The Sigma 18-35mm Art Lens is very sharp, even at its very wide f/1.8 aperture. It is a very good choice for your night sky photography. With this lens and a stable tripod, shots like this one are very easy to capture.
18mm  f/1.8  20s  ISO 3200
Adams Falls, RGSP Adams Falls, RGSP
Adams Falls is the easiest of the major Ricketts Glen State Park falls to access. Simply pull into a parking lot and walk down over a steep bank.
Of course, easy to access means lots of people access it. Arrive just after a rain storm on a weekday when school is in session for the best odds of having no people in your way.
Otherwise be patient. Or, use a telephoto lens.
A B+W XS-Pro circular polarizer filter was used for this picture.
18mm  f/8.0  .8s  ISO 100
Trotting Horse Trotting Horse
While f/1.8 is a very wide aperture, 18-35mm is a relatively wide angle range of focal lengths. This means that creating a strong background blur with a mounted APS-C format (only) DSLR camera requires a close subject. You can see a mild background blur in this mid-distance 35mm example.
Note that I was using a 1/8000 shutter speed for this shot. Not all cameras have this extremely fast shutter speed available.
35mm  f/1.8  1/8000s  ISO 100
Swimming Pool Camera Filter Swimming Pool Camera Filter
I often see pictures of reflections, but don't see swimming pools used as the reflector very often. Here some landscaping and a sunset reflect on the surface of a still swimming pool. The reflected light takes on a strong low-contrast blue appearance.
35mm  f/4.0  1/30s  ISO 100
R. B. Ricketts Falls R. B. Ricketts Falls
After a heavy rain, R. B. Ricketts Falls in Ricketts Glen State Park flows strongly along with another small stream falling into the frame. The rain runoff also added a bit of color to the water. I recall this picture being taken during a light rain with some fog being visible here.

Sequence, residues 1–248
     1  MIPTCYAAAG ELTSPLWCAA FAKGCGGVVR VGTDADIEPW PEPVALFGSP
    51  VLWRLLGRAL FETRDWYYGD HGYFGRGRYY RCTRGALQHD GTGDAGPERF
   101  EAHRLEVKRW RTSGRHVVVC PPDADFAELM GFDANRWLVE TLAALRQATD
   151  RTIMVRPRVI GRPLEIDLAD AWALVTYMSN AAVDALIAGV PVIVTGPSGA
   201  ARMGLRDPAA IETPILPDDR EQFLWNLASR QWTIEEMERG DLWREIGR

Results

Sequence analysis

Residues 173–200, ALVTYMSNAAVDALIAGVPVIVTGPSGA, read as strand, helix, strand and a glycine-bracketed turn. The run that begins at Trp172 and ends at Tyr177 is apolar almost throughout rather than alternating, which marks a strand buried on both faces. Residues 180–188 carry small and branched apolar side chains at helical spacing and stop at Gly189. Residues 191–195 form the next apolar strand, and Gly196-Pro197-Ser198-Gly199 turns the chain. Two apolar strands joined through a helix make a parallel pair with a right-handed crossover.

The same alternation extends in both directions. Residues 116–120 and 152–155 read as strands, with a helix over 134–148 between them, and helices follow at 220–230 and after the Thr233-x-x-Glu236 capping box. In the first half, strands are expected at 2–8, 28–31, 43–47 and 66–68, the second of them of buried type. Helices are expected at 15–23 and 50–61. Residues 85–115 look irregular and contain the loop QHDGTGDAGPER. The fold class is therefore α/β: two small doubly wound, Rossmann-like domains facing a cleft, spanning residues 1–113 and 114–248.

While this lens' wide aperture gains it a lot of attention, the image quality it delivers makes it an excellent choice for landscape photography.
A B+W XS-Pro circular polarizer filter was used for this picture.
24mm  f/8.0  1.6s  ISO 100
In the Daisies In the Daisies
To give your viewer a sense of presence in the scene, move in close and use a wide angle focal length. At this close focus distance, even an 18mm focal length can create a strong background blur at f/1.8.
18mm  f/1.8  1/80s  ISO 100
Caution Switch Caution Switch
To get maximum background blur, select the longest focal length and move in to the minimum focus distance. At 35mm f/1.8, even subjects not far behind the focus point are rendered as a blur.
35mm  f/1.8  1/50s  ISO 100
Shawnee Falls without the Log Shawnee Falls without the Log
There is a very large log leaning against the 30-foot Shawnee Falls in Ricketts Glen State Park. Most captures of this falls include this signature log. And the log looks good in some images. But I'm always looking for a variations.
Access to this falls is limited by the steep rock, but using a slightly longer focal length allows the falls to be framed tight enough that the log, while visible, remains essentially unrecognizable.
A B+W XS-Pro circular polarizer filter was used for this picture.
31mm  f/8.0  .6s  ISO 100
Sunset Behind Tree Sunset Behind Tree
This sunset was beautiful, but it was not a huge dramatic show. So, I used the distant mountain as a base for the image and then aligned a tree to fill the more-clear area of the sky. The result is a simple, clean image with some nice color.
I was working with the wide-open f/1.8 image quality of this lens when this picture was captured. The focus is on the foreground tree with the distant background going only mildy blurred.
18mm  f/1.8  1/50s  ISO 100